When you think of Clare you probably think of The Cliffs of Moher looming 700 feet above the crashing Atlantic along 8km of rugged, unspoiled coastline. Whether you tackle one of the coastal walking routes or make a quick pitstop to see the natural masterpiece, a visit should be high on your list.
A short drive from the cliffs, Lahinch Beach’s famed flooding tide makes it ideal for surfing, sea kayaking and kite surfing. Seasoned surfers travel here from all over the world, but beginners can sign up for lessons at one of the many local surf schools.
If you prefer gazing out over Atlantic waves than catching them, book a table at Barrtrá; a whitewashed country cottage overlooking Liscannor Bay that serves up some of the best seafood and steak in the county — try the mussels.
Heading inland, the 1,500 hectares of The Burren is open all year round and free to access, but it’s worth booking a guided walk. Primary school lessons about the iconic limestone pavement and the many rare species of flora and fauna are sure to come flooding back.
Afterwards, head back to the coast towards Fanore Beach. The unspoiled stretch of sand sits alongside broad dunes with the rocky Burren as its backdrop – it doesn’t get much more picturesque than this.
While you’re in the area, check out the Burren Food Trail, a selection of curated gastronomical expeditions with themes like Farm to Fork and Taste the Ocean. Stop at every point, or dip in and out along the way.
World class scenery makes for some pretty spectacular golf. From the stunning natural terrain at Lahinch Golf Club’s ‘Old Course’, to the idyllic crescent beach at Doonbeg Golf Club, with Atlantic views on almost all of its 18 holes; a round on this landscape is always a good idea.
Of course, Clare is also home to two of the country’s most famous caves. The tour at Aillwee Cave (aka The Very Dark Caves from that Father Ted episode) takes you through winding passages and chasms, past fascinating rock formations and even an underground waterfall. Half an hour away in Doolin Cave, you’ll see the biggest stalactite in Europe – do you remember which one is which?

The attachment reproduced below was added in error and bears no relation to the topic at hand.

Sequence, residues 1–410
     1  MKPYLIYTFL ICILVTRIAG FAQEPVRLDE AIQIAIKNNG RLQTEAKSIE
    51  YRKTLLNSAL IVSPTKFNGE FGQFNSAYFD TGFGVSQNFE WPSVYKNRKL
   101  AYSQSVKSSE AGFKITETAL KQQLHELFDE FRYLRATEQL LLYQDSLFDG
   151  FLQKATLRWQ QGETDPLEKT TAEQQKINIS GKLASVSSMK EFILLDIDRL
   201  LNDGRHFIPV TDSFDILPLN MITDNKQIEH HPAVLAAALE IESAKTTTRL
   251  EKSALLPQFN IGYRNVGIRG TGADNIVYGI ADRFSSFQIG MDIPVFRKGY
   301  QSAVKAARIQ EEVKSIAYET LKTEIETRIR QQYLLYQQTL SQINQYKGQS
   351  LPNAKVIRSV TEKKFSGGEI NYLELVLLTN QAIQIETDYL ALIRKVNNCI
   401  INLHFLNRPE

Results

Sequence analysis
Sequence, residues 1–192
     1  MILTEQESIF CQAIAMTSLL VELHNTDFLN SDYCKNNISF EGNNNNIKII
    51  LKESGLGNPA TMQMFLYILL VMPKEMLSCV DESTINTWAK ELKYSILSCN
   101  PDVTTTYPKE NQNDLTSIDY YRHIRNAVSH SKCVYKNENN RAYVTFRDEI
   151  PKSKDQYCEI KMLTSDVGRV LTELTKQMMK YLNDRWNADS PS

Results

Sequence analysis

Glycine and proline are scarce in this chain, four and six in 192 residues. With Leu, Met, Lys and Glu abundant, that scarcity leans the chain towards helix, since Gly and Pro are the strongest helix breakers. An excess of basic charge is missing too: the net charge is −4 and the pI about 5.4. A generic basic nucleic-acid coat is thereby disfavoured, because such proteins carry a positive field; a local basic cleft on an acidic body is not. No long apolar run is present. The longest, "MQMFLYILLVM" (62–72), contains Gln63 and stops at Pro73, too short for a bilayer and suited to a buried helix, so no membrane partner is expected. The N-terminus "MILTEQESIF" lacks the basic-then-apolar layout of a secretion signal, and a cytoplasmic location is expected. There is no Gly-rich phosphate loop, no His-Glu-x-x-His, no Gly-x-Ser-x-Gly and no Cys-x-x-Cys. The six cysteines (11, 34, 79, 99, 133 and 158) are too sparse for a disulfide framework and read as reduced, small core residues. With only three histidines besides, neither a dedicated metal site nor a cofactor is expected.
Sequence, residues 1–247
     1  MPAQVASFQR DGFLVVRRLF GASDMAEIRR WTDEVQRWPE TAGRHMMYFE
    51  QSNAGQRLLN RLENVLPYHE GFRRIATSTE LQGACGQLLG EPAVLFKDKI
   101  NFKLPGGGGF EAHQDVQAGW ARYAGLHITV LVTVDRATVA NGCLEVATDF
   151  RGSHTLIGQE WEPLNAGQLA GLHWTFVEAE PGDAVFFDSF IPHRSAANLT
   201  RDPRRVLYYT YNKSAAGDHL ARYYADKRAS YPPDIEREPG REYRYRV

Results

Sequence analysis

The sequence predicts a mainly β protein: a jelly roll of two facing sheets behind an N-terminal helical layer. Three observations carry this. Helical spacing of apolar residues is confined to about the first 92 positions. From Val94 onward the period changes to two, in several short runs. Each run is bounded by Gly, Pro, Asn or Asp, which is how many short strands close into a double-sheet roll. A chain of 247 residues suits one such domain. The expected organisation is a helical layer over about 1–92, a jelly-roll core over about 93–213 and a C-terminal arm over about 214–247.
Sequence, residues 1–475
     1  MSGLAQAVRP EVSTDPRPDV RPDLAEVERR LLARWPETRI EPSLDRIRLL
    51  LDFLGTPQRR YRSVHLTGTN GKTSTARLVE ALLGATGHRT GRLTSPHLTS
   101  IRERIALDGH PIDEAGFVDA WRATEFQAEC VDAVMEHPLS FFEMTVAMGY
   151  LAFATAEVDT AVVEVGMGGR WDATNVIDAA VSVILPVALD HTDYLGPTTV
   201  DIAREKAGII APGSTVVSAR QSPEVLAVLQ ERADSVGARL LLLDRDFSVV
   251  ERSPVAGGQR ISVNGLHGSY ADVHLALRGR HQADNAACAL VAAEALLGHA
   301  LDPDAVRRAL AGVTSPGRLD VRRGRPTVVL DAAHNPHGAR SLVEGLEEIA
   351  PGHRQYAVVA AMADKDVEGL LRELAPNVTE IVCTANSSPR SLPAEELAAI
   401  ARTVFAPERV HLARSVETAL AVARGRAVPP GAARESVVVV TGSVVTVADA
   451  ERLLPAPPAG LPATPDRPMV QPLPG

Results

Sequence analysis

Heading south, a 30-minute boat ride from Kilrush brings you to historic Scattery Island in the Shannon Estuary. Hear all about the Viking raids and battles that took place on the island during your walking tour of the monastic settlement, which boasts the highest round tower in Ireland.
Loop Head Peninsula is easy to spot on the map; it’s the bit of Clare that juts right out into the Atlantic. At the very tip you’ll find Loop Head Lighthouse – climb it for views that stretch from Kerry to the Cliffs of Moher. The only thing between you and the sea is the huge white letters carved out of the grassy headland spelling EIRE – a relic from WWII to let pilots know they were entering neutral airspace.
We hate to see you go, but if you fancy a day trip to the Kingdom, the Shannon Ferry is the most scenic shortcut you’ll ever take. Breathe in Atlantic air and epic sea views, keeping a close eye out for dolphins, as you and your car sail from Killimer near Kilrush, across the Shannon Estuary to Tarbert, in just 20 minutes.